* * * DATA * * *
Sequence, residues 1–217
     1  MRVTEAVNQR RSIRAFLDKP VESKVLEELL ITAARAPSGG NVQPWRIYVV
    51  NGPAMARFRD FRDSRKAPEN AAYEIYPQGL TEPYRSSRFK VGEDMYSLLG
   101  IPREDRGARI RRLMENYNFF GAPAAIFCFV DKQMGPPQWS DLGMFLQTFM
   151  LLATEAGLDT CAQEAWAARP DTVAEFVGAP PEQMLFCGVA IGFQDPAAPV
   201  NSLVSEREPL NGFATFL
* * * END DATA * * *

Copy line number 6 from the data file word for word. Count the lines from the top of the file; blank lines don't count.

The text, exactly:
   201  NSLVSEREPL NGFATFL